Hominins of the Lower Paleolithic are much more like modern humans than was previously thought. By 300,000 years ago, Homo heidelbergensis in Schöningen used highly sophisticated weapons and tools.
The hominins at Schöningen lived in social groups that practiced coordinated group hunting, a division of labor, and were able to communication about the past, present and future. These are cultural traits that archaeologists typically attribute to modern humans.
The excavations in the open-cast coal mine in Schöningen running from 1994 until today show that we have long underestimated the cultural capacities of Homo heidelbergensis. Schöningen is a key site for documenting both a high resolution record of past climatic change and how hominins lived in northern Europe during the Ice Age. Since 2008 Professor Nicholas Conard and Dr. Jordi Serangeli of the University of Tübingen have led the excavations with a major international research team in close cooperation with the Cultural Heritage Office of Lower Saxony.
A landmark special issue of the leading international publication Journal of Human Evolution presents all of the results from the long-research excavation in Schöningen. Papers in the volume address the importance of the many well preserved spears and wooden artifacts found at Schöningen. This assemblage of wooden tools is unique in terms of its great age and diversity. Papers present the stone tools and many newly discovered bone tools from Schöningen that greatly expand our knowledge of the material culture of the Lower Paleolithic. The research demonstrates that many animals, most notably large and fast Ice Age horses, were repeatedly killed and butchered on the marshy shores of a former lake, thereby demonstrating a high level of social and economic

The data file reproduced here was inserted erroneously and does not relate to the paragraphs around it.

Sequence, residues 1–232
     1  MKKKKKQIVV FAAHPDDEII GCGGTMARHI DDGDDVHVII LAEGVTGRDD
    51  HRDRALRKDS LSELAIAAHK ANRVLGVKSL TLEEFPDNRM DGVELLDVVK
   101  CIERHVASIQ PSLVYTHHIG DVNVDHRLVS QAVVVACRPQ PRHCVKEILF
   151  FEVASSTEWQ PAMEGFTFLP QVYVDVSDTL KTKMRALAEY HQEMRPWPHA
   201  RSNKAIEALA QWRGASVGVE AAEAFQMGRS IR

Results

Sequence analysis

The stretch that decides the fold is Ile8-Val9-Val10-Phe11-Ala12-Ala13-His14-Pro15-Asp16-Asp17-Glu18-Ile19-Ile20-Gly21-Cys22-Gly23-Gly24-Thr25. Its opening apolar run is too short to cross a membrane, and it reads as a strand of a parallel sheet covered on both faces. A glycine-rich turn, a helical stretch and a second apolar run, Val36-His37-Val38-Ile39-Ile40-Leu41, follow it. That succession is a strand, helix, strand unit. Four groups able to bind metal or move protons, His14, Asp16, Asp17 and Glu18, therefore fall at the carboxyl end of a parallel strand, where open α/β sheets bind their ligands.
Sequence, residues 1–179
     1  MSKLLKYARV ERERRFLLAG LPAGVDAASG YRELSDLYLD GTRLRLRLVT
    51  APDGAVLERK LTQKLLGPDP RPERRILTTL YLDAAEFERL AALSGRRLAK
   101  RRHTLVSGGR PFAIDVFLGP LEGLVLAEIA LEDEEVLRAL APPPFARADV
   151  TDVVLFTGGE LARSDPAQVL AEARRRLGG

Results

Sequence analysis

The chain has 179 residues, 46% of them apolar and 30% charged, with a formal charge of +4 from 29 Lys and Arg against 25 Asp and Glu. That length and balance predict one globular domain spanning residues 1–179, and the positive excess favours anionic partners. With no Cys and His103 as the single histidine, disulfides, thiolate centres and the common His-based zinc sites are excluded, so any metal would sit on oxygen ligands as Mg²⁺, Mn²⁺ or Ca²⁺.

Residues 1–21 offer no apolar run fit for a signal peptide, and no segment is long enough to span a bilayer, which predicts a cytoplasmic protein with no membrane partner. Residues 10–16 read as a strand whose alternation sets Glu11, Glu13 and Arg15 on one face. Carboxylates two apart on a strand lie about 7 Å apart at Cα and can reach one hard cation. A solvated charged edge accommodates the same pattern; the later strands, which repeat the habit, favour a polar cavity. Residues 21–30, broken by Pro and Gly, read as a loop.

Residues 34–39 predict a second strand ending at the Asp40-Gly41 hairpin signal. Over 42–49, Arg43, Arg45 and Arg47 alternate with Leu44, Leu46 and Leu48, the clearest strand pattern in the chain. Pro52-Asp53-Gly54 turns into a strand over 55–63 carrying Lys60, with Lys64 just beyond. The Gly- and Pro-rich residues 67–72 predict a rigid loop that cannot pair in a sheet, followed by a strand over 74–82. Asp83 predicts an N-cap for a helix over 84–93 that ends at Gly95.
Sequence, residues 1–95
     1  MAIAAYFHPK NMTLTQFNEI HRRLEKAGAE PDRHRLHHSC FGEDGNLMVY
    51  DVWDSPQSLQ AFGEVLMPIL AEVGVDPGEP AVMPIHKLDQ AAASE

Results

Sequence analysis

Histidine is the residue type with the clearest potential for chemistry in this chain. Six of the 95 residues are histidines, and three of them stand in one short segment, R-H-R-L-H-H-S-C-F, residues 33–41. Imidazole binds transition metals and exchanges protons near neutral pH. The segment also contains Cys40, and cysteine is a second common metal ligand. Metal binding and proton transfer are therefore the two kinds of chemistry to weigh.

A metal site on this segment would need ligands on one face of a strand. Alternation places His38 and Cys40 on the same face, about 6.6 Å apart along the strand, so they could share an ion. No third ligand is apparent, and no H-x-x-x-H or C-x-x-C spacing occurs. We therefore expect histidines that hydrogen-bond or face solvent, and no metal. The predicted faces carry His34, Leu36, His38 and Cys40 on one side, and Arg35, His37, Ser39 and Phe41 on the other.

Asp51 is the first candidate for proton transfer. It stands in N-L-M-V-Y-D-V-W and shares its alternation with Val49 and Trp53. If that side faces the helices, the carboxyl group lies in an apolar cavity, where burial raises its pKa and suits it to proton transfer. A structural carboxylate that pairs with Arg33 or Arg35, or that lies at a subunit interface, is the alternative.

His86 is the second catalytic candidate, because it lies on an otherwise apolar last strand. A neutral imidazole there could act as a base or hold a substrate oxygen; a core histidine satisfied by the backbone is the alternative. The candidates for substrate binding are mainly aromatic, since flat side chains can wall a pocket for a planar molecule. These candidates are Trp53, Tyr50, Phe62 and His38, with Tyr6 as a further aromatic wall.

coordination and sophisticated forms of communication 300,000 years ago. The many artifacts made from bone include a hammering tool made from the humerus of a sabertooth cat (Homotherium latidens). This find is the only one of its kind every recovered.
A particularly fascinating discovery is that there is no firm evidence for the controlled use of fire at Schöningen. Previous observations suggested that Schöningen offered key examples for the early use of fire. Researchers from Tübingen used innovative methods (Mikromorphologie, Fourier- Transformations-Infrarotspektrometer, organische Petrologie und Thermolumineszenz) to refute this claim. Professor Christopher Miller of Tübingen University and the Senckenberg Centre for Human Evolution and Palaeoenvironment (HEP) argues: “The findings from Schöningen suggest that archaic humans may have been able to survive in the Ice Age landscape of northern Europe without being able to make and control fire.”
“The unique preservation and high quality excavations have led to a major paradigm shift or ‘Schöningen Effect’ that changed our views of human evolution during the late Lower Paleolithic”, states Nicholas Conard, head of the research team and of the Department of Early Prehistory and Quaternary Ecology of the University of Tübingen and member of the Senckenberg Centre for Human Evolution and Palaeoenvironment (HEP).